The Surviving Sky (The Rages Trilogy #1), Kritika H. Rao

After I finished The Surviving Sky, I wouldn’t shut up about it and tried (not always successfully) to get everyone I know to read it. So let me try once more, and maybe with less yelling this time:

With the planet’s surface made unlivable by catastrophic storms, the remains of humanity survive on floating cities constructed of and powered by plants that only a select group of people, known as architects, can control. An archeologist without the ability to traject plants, Ahilya has dedicated her life to finding a way to unshackle humanity’s survival from the architects’ powers and return to the surface. It’s not hard to see why this mission causes friction in her marriage to Iravan, one of the most powerful architects in their city, and one with an arrogance to match his revered status. Though estranged, Ahilya and Iravan come together to help clear his name after he’s accused of pushing his powers dangerously far, an accusation, which if proved true, carries dire consequences for the architect.

But the deeper they look into trajection and its risks, the more Ahilya and Iravan realize they don’t actually know much about where their people – and their powers – came from. And as the floating cities begin to sink toward the earthrages below, the race to save their civilization may also be the end of society as it stands, as Ahilya and Iravan uncover long-buried truths that previous generations worked hard to keep hidden.

So did I do it? Did I convince you to read this Hindu philosophy-inspired debut with some of the most inventive world-building and one of the most complex romances I’ve read in years? Please say yes. You’ll be doing us both a favor. —SG

Cover image for Alexander Darwin’s The Combat Codes, which features a metallic dragon against a black background. Image: Orbit

The Combat Codes by Alexander Darwin

In the world of The Combat Codes, war no longer exists as it used to. Neither does justice — both concepts have been replaced by proxies who fight on behalf of nations or individuals, solving disputes with their fists.

Alexander Darwin’s debut novel effectively builds a world around this core concept, bringing it to life with compelling characters and locations. The Combat Codes follows Cego, a young abandoned boy skilled at fighting, and Murray, a washed-up former fighter now tasked with scouting the next generation of combatants, whose discovery of Cego changes his entire world.

Darwin is also a Brazilian jiu-jitsu practitioner and teacher, and uses that experience in The Combat Codes’ excellent fight sequences. His evocative and visceral descriptions not only deliver excitement and suspense in this underdog story, they build your understanding of the characters through how they fight — in a very similar way to Hong Kong movies, which Darwin has mentioned were an influence. (He’s also influenced by JRPGs, which you can see from this terrific JRPG-style trailer for the book.) The Combat Codes is the first book of a planned trilogy, and you can see Darwin get more confident as a writer as the book progresses. That’s one of many reasons to get excited about the next two entries. —Pete Volk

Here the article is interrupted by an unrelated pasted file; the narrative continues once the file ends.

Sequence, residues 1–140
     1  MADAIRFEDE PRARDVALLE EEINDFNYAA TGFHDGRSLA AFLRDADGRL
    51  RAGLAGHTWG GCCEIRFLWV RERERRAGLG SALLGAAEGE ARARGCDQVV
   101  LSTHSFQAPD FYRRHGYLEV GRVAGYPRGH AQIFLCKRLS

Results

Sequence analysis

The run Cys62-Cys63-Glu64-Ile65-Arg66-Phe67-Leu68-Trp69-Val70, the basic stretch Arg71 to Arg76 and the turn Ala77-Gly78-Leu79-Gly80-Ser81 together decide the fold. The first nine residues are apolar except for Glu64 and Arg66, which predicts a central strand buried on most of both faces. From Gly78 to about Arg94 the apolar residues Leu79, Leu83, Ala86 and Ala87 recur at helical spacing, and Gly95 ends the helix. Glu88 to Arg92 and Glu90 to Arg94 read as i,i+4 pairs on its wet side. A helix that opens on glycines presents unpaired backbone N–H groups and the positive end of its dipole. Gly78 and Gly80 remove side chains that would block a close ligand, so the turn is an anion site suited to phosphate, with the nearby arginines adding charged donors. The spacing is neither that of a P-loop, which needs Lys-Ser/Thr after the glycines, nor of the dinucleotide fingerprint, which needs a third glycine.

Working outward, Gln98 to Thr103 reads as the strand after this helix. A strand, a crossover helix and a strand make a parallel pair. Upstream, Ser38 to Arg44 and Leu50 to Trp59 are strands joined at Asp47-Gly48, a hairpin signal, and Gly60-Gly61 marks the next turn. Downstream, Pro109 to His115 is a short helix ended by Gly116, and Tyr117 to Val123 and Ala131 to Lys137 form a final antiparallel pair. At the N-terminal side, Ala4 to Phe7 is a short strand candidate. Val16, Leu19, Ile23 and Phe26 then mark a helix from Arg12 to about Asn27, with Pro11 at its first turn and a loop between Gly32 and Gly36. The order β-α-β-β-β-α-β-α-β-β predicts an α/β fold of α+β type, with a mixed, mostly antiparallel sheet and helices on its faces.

Cover image for Katie Williams’ My Murder, showing a woman’s face peering outside of red vertical lines. Image: Riverhead Books

My Murder by Katie Williams

Fans of Sarah Gailey’s The Echo Wife won’t want to miss My Murder, which shares some key elements and themes with Gailey’s novel while also taking them in a unique direction. In a near-future with only a few light sci-fi elements, Lou has been resurrected along with a handful of other women murdered by a single serial killer. The politics of resurrection in her world are complicated, and few people qualify. That leaves her and her fellow victims (whose therapy circle recalls Grady Hendrix’s The Final Girl Support Group) a bit at sea as they try to come to terms with their deaths, which none of them can recall, and their new lives as celebrities for all the wrong reasons.

Like The Echo Wife, My Murder ends up thoughtfully exploring issues around women subjected to violent men — not just the personal and internal response, but the society that shapes that violence, and responds to it in ways that raise endless questions. The victims all respond to their deaths differently, questioning their culpability and the possible failures that might have made them targets, and navigating their families’ unpredictable responses to their revival. There’s one big mystery at the heart of My Murder, and a whole lot of abrupt and compelling surprises. But at the core, it’s a sci-fi twist on the survivor story, letting some very different people explore what it means to be victimized, and how to reclaim the lives that have been abruptly handed back to them. —TR